technology use

What's the Frequency, Kenneth?


Reducing Audio Feedback Across the Global Pond

As many global teams know all too well, staying on the same wavelength in video conferencing—despite all of our modern technologies—can remain a herculean effort. In a world getting increasingly smaller, a bad virtual connection reminds us of the distance that still remains between us. For teams working against great cultural and geographical distances a good audio connection can make the difference between teams working effectively together or simply wasting each others’ time.

In a recent Bridging Distance consultation with a globally distributed team we encountered typical feedback troubles.

Our first transatlantic meeting with this organization consisted of virtual attendees in Cambridge, Massachusetts; northern Massachusetts; New Jersey; and Paris, France. As the meeting opened in Cambridge, the attendees a mere hour away were greeted with static, feedback, and white noise, though the attendees in Paris heard them with crystal clarity. Although Cambridge, Massachusetts, considers itself to have a real European flair, this did nothing to facilitate communication with the actual Europeans. What happened? More importantly, what steps need to be taken so that everyone can participate fully?

The following are three tips to ensure communication clarity across distance

mute button

 1.  The Mute Button is Your Friend.

Use it.  When not speaking, mute your computer (especially if you are taking notes, as the even quiet clicking of a keyboard is amplified and broadcast to everyone).  Muting is often overlooked as “too basic” to make a difference, but even if you think you are in a quiet location, ambient noise can be the death knell to a productive virtual meeting.  Just be sure to unmute your microphone before speaking.

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2.  Wear Headphones (Not Just Earbuds!)

Headphones with microphones will reduce feedback, such as a Bluetooth or even the headphones that are included with the iPhone.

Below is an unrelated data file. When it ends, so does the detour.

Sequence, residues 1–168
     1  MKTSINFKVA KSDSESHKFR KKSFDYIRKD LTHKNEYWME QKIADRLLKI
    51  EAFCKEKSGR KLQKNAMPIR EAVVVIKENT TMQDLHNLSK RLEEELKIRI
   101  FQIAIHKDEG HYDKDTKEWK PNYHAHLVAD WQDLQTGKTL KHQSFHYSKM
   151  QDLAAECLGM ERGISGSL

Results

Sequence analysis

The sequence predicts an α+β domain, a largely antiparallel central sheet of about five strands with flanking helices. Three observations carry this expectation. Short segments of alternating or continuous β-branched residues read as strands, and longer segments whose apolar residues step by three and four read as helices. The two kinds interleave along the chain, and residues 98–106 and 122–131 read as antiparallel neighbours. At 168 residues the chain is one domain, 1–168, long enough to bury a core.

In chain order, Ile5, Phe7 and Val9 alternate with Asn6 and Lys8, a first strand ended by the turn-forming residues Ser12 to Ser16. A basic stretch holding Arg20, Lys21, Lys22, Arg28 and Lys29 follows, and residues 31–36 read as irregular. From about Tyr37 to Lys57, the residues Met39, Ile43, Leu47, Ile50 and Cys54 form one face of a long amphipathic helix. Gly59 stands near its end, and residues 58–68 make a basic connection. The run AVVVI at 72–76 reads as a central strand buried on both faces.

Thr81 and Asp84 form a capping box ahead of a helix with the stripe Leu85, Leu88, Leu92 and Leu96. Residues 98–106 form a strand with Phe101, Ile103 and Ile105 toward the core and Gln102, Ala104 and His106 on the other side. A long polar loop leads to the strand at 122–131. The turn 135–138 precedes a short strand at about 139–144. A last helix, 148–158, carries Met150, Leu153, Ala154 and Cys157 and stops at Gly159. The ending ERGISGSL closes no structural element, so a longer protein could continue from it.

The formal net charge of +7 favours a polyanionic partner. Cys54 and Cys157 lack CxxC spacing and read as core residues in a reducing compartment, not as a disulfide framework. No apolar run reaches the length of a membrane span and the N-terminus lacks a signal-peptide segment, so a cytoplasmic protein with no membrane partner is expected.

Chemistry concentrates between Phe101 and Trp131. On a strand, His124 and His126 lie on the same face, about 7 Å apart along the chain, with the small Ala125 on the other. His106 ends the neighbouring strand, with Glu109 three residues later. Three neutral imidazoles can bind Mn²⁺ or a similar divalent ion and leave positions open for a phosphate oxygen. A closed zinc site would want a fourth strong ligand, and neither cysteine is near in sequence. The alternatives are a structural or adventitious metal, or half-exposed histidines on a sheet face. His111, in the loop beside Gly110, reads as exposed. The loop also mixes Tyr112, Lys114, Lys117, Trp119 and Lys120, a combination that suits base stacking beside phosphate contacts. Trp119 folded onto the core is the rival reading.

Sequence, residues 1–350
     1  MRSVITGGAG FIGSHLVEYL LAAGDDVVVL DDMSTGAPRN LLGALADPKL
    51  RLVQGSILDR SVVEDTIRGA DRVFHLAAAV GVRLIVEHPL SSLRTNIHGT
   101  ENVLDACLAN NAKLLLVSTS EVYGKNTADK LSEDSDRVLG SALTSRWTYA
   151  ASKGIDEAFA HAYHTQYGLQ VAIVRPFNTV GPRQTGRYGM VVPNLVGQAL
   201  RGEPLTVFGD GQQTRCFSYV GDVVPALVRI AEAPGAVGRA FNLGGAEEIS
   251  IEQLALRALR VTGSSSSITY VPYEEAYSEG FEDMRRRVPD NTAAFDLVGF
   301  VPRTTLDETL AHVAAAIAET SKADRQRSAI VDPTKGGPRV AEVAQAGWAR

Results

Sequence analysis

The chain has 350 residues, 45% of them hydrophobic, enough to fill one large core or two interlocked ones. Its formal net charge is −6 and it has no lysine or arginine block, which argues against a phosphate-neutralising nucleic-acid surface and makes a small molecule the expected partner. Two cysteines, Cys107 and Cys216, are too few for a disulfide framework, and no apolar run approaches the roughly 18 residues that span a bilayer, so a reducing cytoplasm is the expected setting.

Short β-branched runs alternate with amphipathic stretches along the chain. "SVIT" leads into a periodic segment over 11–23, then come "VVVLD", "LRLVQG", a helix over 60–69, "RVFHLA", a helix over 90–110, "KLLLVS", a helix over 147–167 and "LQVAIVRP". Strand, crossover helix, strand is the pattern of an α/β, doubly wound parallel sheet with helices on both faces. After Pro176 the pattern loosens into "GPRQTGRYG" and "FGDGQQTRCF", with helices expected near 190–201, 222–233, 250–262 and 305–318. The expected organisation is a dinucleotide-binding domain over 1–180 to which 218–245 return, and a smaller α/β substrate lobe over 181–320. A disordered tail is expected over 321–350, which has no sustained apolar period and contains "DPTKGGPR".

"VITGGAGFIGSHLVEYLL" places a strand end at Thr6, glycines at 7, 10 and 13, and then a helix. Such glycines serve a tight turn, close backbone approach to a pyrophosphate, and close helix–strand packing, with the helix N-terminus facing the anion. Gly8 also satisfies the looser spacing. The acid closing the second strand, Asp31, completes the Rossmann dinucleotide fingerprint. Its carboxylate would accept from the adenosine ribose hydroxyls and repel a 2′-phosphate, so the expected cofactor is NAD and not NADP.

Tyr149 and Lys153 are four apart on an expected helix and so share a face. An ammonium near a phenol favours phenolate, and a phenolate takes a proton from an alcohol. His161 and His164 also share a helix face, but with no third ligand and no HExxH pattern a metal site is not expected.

the screamEchoes are deadly.

With headphones, not only will you be able to hear your co-participants but they will be able to hear you!

If there is more than one person physically with you during the conference you may want to invest in a Polycom Calling Kit, or similar device.

The Polycom computer calling kit enables the phone to work with the Polycom PVX desktop video conferencing application, serving as the microphone and speaker for desktop video calls. Polycom Calling Kits will heighten the level of professionalism and take your business to the next level.

Polycom also makes a more cost-effective speaker and microphone device to plug into your computer. They are each optimized for different software and computer configurations, so be careful to purchase the correct one for your needs.

While Polycom may be the gold standard, the Yamaha PJP-20UR Web Conference Microphone Speaker is an example of a plug and play echo-cancelling device that seems simpler to use than the PolyCom devices.

3.  Limit Computers / Audio Sources to One Per Room.

business-woman-in-office-with-computer-talks-on-headsetThough it may be tempting to crowd around one screen when you have multiple people at one location, having more than one computer in a room increases feedback as the microphones pick up what other team members are saying. This is especially important if you do not have headphones and do not mute your computer, thus disregarding our previous expert advice.

While the difficulties may seem daunting and at times frustrating, audio and video conferencing is worth the effort.  Being able to see and hear each other clearly across great distances will lead to a greater sense of community and better collaboration across the board and across the world.

Question for readers: Have any advice or Pet Peeves when it comes to audio / video conferencing?


Summertime for Telecommuters!

Summer.  Popsicles.  Beaches.  Kids.

School’s out. Kids are home, are you, too?

If you are one of over 3.1 million telecommuters in the United States, you have been anticipating summertime with a mixture of excitement and dread (okay, this is true of all parents, but people who work from home tend have particular concerns).

It’s a huge relief to get a break from the morning routine of rousing sleepy kids and tossing them out the door.  But now they are home all day, making demands on you, because — after all — you’re right there (and what could you possibly be doing that is more important than looking for holes in the slip n’ slide?)

So how do you do it?  How do you meet the demands of work and the demands of your kids, not to mention your own summertime interests?